A suspect, not a victim
D’Monterrio Gibson and his mother, Sharon McClendon, attended the press conference, with a representative from the New Black Panther Party by their side. Gibson spoke briefly, visibly saddened, lamenting the long months between filming and the final charges.
“It was a extremely long process to get this far,” Gibson said. “I feel like most of the time I’ve been treated like a suspect and not a victim. It was an extremely tough process. I’m kinda glad we’re finally making progress, but there’s still more work to be done. That’s really all I have to say about it.”
Gibson’s mother heeded his comments and cautiously celebrated the grand jury’s decision. “This is the first step in the right direction. But the biggest step is to (Gregory and Brandon Case) get convicted,” McClendon said. “I’m finally glad they gave us some kind of relief… my son, our friends, our whole family went through a lot to solve this case.”
The threat of the January incident has yet to wane for Gibson. Along with the anxiety he attributes to the experience, Gibson also shared the details of a death threat He says he received it after news of the shooting went viral.
At the meeting of a Louisiana-based white supremacist group, one person said “all kinds of racist rants and how they must start the race war,” explained a warning letter to Gibson. “He’s told (people) that he (D’Monterrio) wants to personally kill Gibson and said he won’t miss that time like the other person did.”
The FBI told Gibson they were investigating the threat.
Brookhaven Police Chief Sued
Brookhaven Police Chief Kenneth Collins is mired in controversy, according to a former Brookhaven Police Department detective filed a federal lawsuit alleging wrongful termination.
Sergeant LaToya Beacham is specifically suing the city of Brookhaven and Collins for allegedly demoting them after refusing to sign affidavits for the arrest of several Black Lives Matter protesters who rallied in support of Gibson.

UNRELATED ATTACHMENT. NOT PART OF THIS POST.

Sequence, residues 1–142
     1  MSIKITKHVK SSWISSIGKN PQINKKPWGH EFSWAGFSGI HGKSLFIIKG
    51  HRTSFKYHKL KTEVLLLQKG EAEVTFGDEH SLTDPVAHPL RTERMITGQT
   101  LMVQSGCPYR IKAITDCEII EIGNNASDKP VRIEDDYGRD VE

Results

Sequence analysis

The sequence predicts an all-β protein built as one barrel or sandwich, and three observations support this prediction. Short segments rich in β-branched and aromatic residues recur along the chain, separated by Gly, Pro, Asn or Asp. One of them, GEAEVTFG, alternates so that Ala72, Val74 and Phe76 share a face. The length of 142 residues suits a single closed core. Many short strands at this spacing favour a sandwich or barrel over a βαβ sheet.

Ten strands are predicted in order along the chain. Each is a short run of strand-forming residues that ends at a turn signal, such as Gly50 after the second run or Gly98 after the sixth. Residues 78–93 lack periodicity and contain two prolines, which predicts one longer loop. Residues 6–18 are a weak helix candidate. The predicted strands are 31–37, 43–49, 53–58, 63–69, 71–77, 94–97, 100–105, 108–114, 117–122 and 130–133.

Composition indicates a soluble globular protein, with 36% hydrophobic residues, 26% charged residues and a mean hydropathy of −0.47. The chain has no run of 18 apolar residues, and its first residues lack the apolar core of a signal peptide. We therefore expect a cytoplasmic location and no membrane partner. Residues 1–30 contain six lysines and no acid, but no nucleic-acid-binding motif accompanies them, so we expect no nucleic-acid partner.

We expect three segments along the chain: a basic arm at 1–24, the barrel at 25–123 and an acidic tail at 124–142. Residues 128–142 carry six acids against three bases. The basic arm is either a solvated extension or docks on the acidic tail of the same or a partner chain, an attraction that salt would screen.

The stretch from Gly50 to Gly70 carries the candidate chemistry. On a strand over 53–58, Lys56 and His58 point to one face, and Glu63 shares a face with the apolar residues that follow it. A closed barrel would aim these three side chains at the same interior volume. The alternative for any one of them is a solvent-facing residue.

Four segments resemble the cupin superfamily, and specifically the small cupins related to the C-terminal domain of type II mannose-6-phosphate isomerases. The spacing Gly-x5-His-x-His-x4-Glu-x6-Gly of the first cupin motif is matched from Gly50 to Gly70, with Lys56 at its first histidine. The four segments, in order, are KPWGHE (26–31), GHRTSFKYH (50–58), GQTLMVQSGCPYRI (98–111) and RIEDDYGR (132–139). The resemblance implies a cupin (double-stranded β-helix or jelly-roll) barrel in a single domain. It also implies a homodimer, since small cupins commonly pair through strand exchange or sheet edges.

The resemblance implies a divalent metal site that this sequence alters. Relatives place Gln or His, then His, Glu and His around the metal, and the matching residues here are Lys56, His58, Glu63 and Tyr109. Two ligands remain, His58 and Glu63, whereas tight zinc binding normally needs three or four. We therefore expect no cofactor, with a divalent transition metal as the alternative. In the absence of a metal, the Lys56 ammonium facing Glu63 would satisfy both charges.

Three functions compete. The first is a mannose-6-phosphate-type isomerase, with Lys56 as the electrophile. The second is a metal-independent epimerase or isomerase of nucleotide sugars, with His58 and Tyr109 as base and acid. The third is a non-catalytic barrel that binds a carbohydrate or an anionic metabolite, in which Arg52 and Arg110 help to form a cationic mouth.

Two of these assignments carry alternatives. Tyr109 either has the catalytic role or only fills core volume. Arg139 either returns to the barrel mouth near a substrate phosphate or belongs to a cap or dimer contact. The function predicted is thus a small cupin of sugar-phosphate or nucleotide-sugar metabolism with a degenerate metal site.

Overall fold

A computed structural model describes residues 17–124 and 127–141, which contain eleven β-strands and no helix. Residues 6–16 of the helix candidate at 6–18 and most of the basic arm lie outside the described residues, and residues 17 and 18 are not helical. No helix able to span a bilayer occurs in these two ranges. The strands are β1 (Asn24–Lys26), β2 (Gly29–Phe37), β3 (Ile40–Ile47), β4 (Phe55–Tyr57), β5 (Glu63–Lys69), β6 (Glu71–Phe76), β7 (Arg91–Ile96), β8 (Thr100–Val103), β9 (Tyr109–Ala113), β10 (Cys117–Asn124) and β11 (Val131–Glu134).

Beacham’s lawsuit accused Collins of “intending to punish Black Lives Matter members for exercising their First Amendment speech.” The Brookhaven Daily Leader reported in August.
Just this month, leaked audio from Collins showed the police chief fantasizing about attacking Black Lives Matter protester Marquell Bridges during a demonstration in Brookhaven earlier this year. “I was thinking about fucking him at the time,” Collins said on the recording. “I sat and looked at that damn Marquell Bridges. I thought about putting my left foot on the right side of his butt.”
Additionally, both Beacham’s lawsuit and Moore allege that Deputy Chief of Police Chris Case is a relative of Gregory Case and Brandon Case, which is allLongtime family name in the area, including in law enforcement. Moore explained this week that his investigation found a familial link between the cases, something Chief Collins has vocally denied.
“No relationship” Collins to WLBT News. “We went through the whole family tree to make sure we were honest. My Assistant Chief Chris Case is related to very different cases.”
Neither Chief Kenneth Collins nor District Attorney Dee Bates responded to requests for comment from the Mississippi Free Press.